The thematic thread woven in the readings this Sunday could be taken from the responsorial Psalm 16, “O Lord, my allotted portion nd my cup, you it is who hold fast my lot.”

Elijah and Elisha received their lot from God, Paul boasts of his life’s lot in the Holy Spirit, and Jesus accepts his Father’s will in freely going up to Jerusalem.

Many think to choose and create their own life (finding one’s self) while finding it obscure or hard to ask God, “Why did you make me?” Connected to this issue of one’s lot in life, is acceptance and also at once a freedom. The human person has a higher calling than the mere making of money, and we are more than we realize.

This is a theme running through all of Tolkien’s stories: acceptance of one’s destiny, that never comes from within one’s self, but always from some higher source. These stories are compelling for that reason as we watch and see the character accept the lot given to them, whether they like it or not, and their reluctance. Just start with Frodo for example, and any of the Hobbits.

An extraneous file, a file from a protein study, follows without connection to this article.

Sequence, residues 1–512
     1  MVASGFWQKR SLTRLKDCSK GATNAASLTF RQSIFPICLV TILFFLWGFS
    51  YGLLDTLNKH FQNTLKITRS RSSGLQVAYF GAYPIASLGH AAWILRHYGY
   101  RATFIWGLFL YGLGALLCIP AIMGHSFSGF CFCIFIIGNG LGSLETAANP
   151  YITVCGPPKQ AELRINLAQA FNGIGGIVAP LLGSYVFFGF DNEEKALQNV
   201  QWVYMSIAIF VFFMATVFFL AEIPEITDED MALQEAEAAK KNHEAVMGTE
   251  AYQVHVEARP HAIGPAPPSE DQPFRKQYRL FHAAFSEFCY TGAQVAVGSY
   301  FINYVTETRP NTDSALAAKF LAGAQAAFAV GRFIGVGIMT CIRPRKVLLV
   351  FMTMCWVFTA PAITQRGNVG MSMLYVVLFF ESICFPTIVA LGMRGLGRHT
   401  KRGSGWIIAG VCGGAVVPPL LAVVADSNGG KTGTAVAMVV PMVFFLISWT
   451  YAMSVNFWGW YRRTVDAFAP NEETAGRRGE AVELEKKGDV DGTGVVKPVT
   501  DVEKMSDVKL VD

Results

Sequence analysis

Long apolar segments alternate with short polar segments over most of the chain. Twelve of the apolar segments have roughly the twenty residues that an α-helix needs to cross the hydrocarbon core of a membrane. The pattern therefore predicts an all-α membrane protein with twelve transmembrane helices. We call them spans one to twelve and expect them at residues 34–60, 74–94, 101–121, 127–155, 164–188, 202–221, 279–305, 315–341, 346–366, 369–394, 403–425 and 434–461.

The one who rejected his lot and choose himself, of course, is Sauron, the epitome of evil.

Alan Hartway

Theological Studies at Catholic Theological Union, Chicago IL; Master of Fine Arts, Poetics, at Naropa University, Boulder CO 1996; Master of Arts, Greek Classics, University of Colorado, Boulder CO 2012; Taught at Naropa University from 1999 through 2015; Chair of Interdisciplinary Studies from 2007-2015; Member of the Missionaries of the Precious Blood, Kansas City Province since 1974; Pastor at Guardian Angel Catholic Church, Mead, CO, ministry from 2007-2020 Currently Retired

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